a flavored coffee, like hazelnut mocha, will subsequent batches taste of
Hazelnut and mocha?

I'm also thinking of using this for tea, and I don't want everything to taste like Earl Grey, or whatever.
Thanks!

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15 days ago bejugo

I've only ever used it for coffee, so i can't say for sure. The filter, right now, doesn't seem to be holding coffee scent, after hand-rinsing with some water and mild soap.

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19 days ago Marika

I have discovered my tea steeper which I rarely used is the perfect tool for cold brew coffee since the filter is included. http://www.davidstea.com...

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20 days ago Amanda C. Thompson

Pro tip: Add mint. It tastes even more refreshing that way. Just include a few sprigs when you mix your water and grounds and steep them with the rest of the brew.

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19 days ago Riddley Gemperlein-Schirm

What a wonderful suggestion! I am doing that with the next batch.

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15 days ago Roy Camacho Jacome

There is more contact surface with ground coffee. It's like when you have little ice cubes they melt faster than bigger ones.

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21 days ago aleeda

I've always done my cold brew with whole beans. Is there a better reason to use ground coffee?

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19 days ago Riddley Gemperlein-Schirm

Ground coffee allows for more to be extracted from the beans!

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15 days ago Roy Camacho Jacome

There is more contact surface with ground coffee. It's like when you have little ice cubes they melt faster than bigger ones.

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22 days ago Wendy Perrotta

Acidic coffee has always bothered me so I switched to cold brew a few years ago. After much experimenting I use the Bodum bean french press which holds 6c water. I prefer to just make full strength coffee, not a concentrate and the ratio I use is 1/8 cup coarse ground (3 clicks shy of coursest setting on my cuisinart burr grinder) to 1 cup coffee. So for the Bodum Bean that means 3/4 cup coffee to my 6 cup press. (On the burr grinder if you set it at the 8 cup setting you get 3/4 cup of ground coffee). I also throw in half a cinnamon stick into the french press with the grounds for flavor and as an additional acid neutralizer. The Bodum Bean comes with a separate lid for storing coffee during "brewing" phase. You then swap that out for a lid with plunger and pour spout when you want to press it. I've experimented with then transferring what I don't drink in 24 hrs to glass bottles for storage but quite honestly I've also let it just sit in the press in the fridge for a week or so until I finish it all and I haven't noticed a difference. It takes a bit of getting used to the sludgy bottom you get with unfiltered grounds but I am now used to that and it doesn't bother me to leave that last little bit in the cup. For a delicious mocha cold brew try Jim's Organic Double Chocolate coffee beans!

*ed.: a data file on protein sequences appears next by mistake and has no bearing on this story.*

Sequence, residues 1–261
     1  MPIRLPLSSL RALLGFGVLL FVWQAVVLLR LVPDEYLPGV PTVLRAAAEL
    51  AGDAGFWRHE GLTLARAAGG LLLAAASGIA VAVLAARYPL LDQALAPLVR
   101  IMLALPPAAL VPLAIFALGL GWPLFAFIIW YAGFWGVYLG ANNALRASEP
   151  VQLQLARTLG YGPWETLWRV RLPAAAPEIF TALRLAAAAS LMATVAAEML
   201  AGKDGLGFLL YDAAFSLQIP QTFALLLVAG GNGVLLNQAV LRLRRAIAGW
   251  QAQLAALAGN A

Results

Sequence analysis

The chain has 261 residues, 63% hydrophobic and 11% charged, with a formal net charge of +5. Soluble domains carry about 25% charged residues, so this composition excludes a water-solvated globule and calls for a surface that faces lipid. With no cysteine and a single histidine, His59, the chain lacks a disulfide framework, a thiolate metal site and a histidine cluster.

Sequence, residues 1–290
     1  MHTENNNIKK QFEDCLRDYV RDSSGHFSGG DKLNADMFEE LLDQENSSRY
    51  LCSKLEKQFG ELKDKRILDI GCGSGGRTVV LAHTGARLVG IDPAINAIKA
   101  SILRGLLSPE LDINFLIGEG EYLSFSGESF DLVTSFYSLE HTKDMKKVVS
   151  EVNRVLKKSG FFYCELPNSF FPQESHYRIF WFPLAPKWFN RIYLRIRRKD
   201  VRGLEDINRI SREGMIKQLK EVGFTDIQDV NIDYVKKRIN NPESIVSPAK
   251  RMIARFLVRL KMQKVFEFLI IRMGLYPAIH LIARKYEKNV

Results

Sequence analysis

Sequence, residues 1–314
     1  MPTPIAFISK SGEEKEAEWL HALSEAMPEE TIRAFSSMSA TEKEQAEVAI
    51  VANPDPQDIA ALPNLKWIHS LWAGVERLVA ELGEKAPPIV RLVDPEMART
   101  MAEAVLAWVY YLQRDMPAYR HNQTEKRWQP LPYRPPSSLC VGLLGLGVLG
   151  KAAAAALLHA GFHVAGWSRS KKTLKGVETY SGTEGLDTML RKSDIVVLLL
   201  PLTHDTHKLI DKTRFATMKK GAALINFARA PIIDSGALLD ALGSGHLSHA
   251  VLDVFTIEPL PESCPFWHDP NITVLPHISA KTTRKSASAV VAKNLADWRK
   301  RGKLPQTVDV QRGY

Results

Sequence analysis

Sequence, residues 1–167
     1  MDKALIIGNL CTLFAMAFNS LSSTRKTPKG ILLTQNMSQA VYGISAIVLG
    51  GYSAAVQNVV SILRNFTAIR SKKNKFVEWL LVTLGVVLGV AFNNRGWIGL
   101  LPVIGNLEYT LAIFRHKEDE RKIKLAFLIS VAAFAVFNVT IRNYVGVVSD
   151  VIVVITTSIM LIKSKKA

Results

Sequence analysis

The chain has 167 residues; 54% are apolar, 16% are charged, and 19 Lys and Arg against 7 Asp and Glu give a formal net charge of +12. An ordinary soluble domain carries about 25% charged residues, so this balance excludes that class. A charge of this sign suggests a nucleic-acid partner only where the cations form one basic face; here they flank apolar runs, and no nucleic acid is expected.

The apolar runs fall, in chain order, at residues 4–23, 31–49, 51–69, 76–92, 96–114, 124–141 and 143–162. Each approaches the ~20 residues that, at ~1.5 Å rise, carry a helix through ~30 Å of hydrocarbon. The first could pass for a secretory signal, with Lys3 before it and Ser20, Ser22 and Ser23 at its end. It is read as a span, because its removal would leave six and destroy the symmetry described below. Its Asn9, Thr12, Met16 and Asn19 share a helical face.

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22 days ago Antonia AT

I've been making cold brew since I first tasted it in Ecuador 40+ years ago (where they mix the concentrate with hot water—no iced coffee for them—as I do in winter). The easiest recipe I've found, because it uses a standard 12 oz. bag of coffee, is one from the Wine Spectator: 1) 12 oz. coarsely ground coffee beans (roast depends on your preference) + 7 oz. tepid water. 2) In an 8 cup or larger container (I use an old lemonade pitcher), pour in a cup of water; add some coffee; take care to NOT stir; repeat (finishing with coffee) until water and coffee are all in container. Allow to sit 8-12 hours at room temperature—without stirring!!—then, filter. (I use paper.) You can keep the concentrate in the fridge for up to 2 weeks, but it never lasts that long in my house.